IT Nation Panel: Ransomware Is The Biggest Challenge Facing Security Firms

Ransomware has become the most nefarious challenge for security vendors today because of the inability of existing technologies to remediate once the damage has been done, panelists at ConnectWise's IT Nation agreed Thursday.

"Ransomware is just something that you can't clean up," said Marin Kleczynski, CEO of San Jose, Calif.-based Malwarebytes. "It's gotten to the point where the FBI director basically said, 'Just pay the ransom.' "

Even though the frequency of ransomware attacks hasn't much changed, the increased severity of these breaches has made it the most vexing issue facing partners and end users of San Diego, Calif.-based ESET NA, Stephen Cobb, the company's senior security research, said during a breakout panel at the conference in Orlando, Fla.

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"Just one of those [attacks] is a big problem, because it is so terminal if the person doesn't have backup," Cobb said.

Despite Malwarebytes' priding itself on having a great remediation product, the vendor has become more concerned as the ransomware attacks grow in size, Kleczynski said. This has prompted Malwarebytes to commit to building a product designed specifically to remediate the danger from ransomware, Kleczynski said.

"We need to build a silver bullet for it," Kleczynski said. "There's just no way you can approach it the way that Malwarebytes has in the past."

Although Kaspersky and other vendors have released keys that can clean up and decrypt some of the most common encryption algorithms, Kleczynski said new attack vectors keep popping up all the time. That's why Malwarebytes is looking to find something to remedy all ransomware attacks.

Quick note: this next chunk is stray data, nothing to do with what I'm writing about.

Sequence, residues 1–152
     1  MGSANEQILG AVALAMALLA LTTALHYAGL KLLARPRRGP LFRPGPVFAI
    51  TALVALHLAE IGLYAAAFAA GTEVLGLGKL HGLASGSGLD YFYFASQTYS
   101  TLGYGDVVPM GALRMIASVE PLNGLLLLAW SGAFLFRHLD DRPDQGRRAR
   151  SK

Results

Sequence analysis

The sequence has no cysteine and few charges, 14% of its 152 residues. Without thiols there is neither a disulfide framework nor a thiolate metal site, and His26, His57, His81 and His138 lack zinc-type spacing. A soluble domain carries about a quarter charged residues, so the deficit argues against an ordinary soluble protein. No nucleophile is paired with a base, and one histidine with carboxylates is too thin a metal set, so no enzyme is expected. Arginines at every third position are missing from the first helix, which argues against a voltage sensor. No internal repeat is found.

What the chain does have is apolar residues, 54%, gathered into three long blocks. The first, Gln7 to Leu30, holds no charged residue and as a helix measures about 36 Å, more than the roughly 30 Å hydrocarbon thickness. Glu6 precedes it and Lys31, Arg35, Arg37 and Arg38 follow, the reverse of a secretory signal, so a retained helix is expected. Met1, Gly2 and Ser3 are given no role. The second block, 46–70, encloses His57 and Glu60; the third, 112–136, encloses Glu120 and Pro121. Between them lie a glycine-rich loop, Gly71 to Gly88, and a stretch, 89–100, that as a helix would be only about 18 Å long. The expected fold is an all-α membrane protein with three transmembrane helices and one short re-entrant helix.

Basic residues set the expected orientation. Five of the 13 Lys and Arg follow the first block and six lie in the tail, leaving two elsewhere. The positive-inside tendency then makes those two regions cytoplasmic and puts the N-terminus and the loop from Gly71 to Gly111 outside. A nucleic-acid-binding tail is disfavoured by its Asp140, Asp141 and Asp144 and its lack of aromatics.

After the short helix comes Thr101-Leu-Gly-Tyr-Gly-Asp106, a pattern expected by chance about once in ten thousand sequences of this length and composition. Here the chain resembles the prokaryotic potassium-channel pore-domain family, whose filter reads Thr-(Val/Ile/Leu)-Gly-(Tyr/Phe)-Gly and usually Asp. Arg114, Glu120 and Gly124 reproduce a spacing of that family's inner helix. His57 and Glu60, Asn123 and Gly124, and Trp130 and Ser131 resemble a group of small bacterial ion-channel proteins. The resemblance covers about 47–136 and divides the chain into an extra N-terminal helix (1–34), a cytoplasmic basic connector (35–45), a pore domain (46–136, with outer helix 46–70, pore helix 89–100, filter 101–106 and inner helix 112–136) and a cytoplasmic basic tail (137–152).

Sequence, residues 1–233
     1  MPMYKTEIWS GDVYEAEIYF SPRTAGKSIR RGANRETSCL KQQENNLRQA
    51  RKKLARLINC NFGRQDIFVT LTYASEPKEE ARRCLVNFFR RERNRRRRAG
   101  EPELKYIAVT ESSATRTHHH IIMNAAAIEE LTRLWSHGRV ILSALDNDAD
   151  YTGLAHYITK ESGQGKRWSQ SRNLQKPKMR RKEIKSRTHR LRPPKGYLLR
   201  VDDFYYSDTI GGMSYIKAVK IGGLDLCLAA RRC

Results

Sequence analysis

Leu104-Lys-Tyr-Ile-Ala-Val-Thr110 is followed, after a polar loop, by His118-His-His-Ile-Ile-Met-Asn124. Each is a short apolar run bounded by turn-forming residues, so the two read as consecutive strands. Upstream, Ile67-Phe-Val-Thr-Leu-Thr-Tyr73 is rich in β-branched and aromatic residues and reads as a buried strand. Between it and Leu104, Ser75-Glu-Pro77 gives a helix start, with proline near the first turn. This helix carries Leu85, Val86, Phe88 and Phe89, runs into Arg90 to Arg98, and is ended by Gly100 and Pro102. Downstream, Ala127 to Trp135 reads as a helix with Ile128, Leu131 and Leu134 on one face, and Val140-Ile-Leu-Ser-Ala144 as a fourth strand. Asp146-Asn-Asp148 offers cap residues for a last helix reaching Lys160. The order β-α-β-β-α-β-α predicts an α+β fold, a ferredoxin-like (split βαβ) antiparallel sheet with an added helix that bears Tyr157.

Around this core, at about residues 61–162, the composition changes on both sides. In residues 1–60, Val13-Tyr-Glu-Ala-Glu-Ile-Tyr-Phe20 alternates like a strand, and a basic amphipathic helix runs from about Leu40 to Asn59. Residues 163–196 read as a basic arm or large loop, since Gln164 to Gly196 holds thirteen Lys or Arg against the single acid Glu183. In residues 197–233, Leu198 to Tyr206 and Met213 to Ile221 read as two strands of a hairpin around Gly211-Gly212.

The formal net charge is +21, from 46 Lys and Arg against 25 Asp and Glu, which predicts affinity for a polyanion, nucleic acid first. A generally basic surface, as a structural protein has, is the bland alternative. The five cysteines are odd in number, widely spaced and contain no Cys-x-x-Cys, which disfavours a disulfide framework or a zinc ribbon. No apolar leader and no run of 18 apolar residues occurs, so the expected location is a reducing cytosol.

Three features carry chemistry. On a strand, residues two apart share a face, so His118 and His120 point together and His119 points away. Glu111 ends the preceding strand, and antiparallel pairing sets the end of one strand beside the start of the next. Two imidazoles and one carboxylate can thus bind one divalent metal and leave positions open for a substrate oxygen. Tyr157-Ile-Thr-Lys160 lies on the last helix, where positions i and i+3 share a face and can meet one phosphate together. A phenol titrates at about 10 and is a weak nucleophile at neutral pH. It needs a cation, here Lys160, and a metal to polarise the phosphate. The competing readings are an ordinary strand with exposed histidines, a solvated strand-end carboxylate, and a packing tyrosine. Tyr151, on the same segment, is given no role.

For now, though, Kleczynski urged partners and customers not to reward bad behavior by paying the ransom. Still, he acknowledged that telling customers without backup that their digital heirlooms are gone forever can be extremely difficult.

Short of a cure, Cobb said, the best thing vendors and MSPs can do is aggressively push backup offerings. ESET has done a lot of education around backups on both the consumer and commercial sides of its business, according to Cobb.

"Every business should have a good continuity backup strategy in place, and [ransomware] is one area where it's the last line of defense," Cobb said.

Cobb noted that backup is also vital for business continuity in the event of a fire or natural disaster.

"Security wasn't just always about criminals," he said.

Ransomware has helped drive the monetization of malware from being primarily a tool for information espionage to being a big business in its own right, with kits sold on the black market to help facilitate even more vicious attacks, according to Hal Lonas, chief technology officer at Broomfield, Colo.-based Webroot.

Ransomware has become the single biggest source of time and worry for Factory IT, according to co-CEO Zach Huseby, given the impact a successful attack would have on his company's reputation.

"If you lose data, you lose clients," Huseby said. "You're better off paying [for backup] than not being able to recover anything at all."

For this reason, backing up customers has become the single most important thing the Jackson, Wyo.-based ConnectWise partner does for its customers on a day-to-day basis, Huseby said.

But not all MSPs have followed Factory IT's lead, said Huseby, who continues to see competitors employ low-quality backup solutions and risk losing everything should a ransomware attack successfully strike.